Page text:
If you wanted to add support in the calc example within the straight JavaScript file, just add the following line to the bottom of the calc.js file:

exports.calc = calc;

Then, in any other JavaScript file, you can import the function, say in a Node.js application (app.js), by using Require and doing the following:

require(‘calc.js’);

To have the TypeScript compiler produce JavaScript to give us the necessary exports, module, and require attributes, we wrap our calc function within a TypeScript class and then with a TypeScript module named MyMath outside that:

export module MyMath {
  export interface stub {
    itemOne : number;
    itemTwo : number;
    }
    export class Calculator {
    calc (ticket : stub) {
      return ticket.itemOne + ticket.itemTwo;
      }
    }
}

This now produces the following JavaScript and allows you to import the MyMath module in the app.js file to use it:

(function (MyMath) {
  var Calculator = (function () {
    function Calculator() { }
    Calculator.prototype.calc = function (ticket) {
      return ticket.itemOne + ticket.itemTwo;
    };
      return Calculator;
  })();
  MyMath.Calculator = Calculator;   
})(exports.MyMath || (exports.MyMath = {}));
var MyMath = exports.MyMath;

In app.js, you can use the function by using Require as follows:

var math = require(‘calc.js’);
var add = new math.MyMath.calc();
var result = add.calc({itemOne: 10, itemTwo: 2});
res.send(result);

Ambient Declarations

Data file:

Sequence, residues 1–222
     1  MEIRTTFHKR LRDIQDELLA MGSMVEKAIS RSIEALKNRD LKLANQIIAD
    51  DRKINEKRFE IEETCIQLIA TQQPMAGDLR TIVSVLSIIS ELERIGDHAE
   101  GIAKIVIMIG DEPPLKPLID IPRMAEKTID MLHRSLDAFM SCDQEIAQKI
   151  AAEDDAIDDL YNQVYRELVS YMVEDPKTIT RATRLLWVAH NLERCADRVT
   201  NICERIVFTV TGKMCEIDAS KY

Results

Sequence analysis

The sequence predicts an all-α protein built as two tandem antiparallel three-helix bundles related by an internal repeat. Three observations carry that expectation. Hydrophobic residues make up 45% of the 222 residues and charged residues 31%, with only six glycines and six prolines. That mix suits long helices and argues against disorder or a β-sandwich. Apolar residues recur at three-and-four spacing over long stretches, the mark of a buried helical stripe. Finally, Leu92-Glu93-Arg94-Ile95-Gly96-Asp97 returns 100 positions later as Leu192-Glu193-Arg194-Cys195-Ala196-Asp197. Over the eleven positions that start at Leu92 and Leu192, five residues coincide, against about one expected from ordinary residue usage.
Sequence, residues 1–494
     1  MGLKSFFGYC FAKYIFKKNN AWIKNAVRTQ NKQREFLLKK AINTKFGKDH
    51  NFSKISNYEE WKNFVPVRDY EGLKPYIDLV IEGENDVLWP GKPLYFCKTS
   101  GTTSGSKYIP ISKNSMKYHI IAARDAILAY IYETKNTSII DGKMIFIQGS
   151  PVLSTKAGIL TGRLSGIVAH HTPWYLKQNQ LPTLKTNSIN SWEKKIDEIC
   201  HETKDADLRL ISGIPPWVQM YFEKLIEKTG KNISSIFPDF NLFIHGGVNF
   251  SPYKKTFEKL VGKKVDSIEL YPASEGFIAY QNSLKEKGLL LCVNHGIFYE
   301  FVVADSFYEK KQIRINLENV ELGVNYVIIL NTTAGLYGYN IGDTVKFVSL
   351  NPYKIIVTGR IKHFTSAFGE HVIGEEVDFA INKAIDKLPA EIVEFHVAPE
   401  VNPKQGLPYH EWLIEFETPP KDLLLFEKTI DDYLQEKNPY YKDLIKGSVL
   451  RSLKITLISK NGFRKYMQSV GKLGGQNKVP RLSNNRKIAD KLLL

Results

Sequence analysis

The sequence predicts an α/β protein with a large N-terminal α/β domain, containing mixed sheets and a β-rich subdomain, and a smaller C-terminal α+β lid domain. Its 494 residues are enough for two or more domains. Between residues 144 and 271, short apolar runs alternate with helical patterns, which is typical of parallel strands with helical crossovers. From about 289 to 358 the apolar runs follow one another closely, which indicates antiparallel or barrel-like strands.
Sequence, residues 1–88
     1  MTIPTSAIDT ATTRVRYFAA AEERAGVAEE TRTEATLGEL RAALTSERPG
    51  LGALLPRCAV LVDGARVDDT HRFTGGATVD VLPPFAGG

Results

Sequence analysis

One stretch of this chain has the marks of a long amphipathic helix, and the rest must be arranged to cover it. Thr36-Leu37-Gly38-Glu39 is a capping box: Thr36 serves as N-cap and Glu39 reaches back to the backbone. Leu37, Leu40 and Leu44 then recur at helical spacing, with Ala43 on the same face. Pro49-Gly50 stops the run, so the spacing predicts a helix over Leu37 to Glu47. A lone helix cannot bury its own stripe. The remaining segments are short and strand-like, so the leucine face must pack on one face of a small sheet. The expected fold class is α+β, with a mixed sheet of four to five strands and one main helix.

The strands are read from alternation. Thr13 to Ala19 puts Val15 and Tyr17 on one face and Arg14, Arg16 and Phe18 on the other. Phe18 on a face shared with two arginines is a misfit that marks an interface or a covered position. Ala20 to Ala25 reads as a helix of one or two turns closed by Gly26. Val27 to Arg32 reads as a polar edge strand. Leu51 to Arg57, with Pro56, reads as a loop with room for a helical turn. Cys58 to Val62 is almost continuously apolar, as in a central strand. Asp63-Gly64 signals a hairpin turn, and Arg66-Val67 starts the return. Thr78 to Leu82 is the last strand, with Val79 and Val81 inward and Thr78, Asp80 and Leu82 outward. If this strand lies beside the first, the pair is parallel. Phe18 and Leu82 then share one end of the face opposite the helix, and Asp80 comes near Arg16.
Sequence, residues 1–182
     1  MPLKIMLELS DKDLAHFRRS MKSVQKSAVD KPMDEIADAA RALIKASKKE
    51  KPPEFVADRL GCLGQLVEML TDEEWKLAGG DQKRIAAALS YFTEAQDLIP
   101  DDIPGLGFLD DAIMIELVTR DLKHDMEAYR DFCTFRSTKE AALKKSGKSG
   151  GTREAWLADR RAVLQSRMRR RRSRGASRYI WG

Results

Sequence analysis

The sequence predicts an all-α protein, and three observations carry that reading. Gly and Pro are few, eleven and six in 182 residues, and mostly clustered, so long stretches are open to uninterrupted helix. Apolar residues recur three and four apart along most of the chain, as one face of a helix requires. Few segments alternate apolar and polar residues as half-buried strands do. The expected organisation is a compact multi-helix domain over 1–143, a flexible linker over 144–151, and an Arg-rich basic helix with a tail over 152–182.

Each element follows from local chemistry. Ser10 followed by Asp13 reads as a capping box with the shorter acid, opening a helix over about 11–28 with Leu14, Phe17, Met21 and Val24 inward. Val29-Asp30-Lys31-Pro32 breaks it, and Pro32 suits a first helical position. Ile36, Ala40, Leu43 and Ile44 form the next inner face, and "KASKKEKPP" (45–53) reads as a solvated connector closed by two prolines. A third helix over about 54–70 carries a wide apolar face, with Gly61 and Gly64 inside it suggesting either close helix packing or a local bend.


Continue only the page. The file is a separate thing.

Ambient declarations let you define variables for the JavaScript libraries you use in your projects for which you don’t have a definition file (*.d.ts). Figure 1 shows the use of Knockout.js to create a viewModel for binding.

Using Knockout.js to Create a viewModel
Figure 1. Using Knockout.js to Create a viewModel

Notice in Figure 1 that the compiler doesn’t recognize the “ko” variable, and this causes an error. I could, as I mentioned previously, grab the definition file from the DefinitelyType github repository and create the inline reference at the top of the file to clear that error.  Or, in a case where no definition file is available, you can add an ambient declaration of type “any,” like this:

declare var ko;

Doing so clears the error, and you can continue coding. The drawback of this is that no IntelliSense is available in the tooling.

Putting It All Together

Since the release of TypeScript in October 2012, there have been and continue to be many blog articles, tech pundit views, and even a course on pluralsight.com related to it. But how do you put this language to use in a project?

Let’s use TypeScript in conjunction with Node.js and build a REST API for getting a list of speakers. This example demonstrates referencing a definition file for Express.js and Node.js, coding our model objects using straight TypeScript, and then referencing these modules using Require.

Node.js

If you are not familiar with Node.js, visit http://nodejs.org for more information and examples. The Web site describes Node.js as “a platform built on Chrome's JavaScript runtime for easily building fast, scalable network applications. Node.js uses an event-driven, non-blocking I/O model that makes it lightweight and efficient, perfect for data-intensive real-time applications that run across distributed devices.”

In short, Node.js enables running JavaScript on the server and using JavaScript as the primary language for serving content, as opposed to languages and frameworks such as PHP, Ruby or .NET.

To get setup, download and install Node.js from the Web site. Included in the installation is the Node Package Manager (npm) command-line tool, and this is what you use to create the setup for the rest of the project.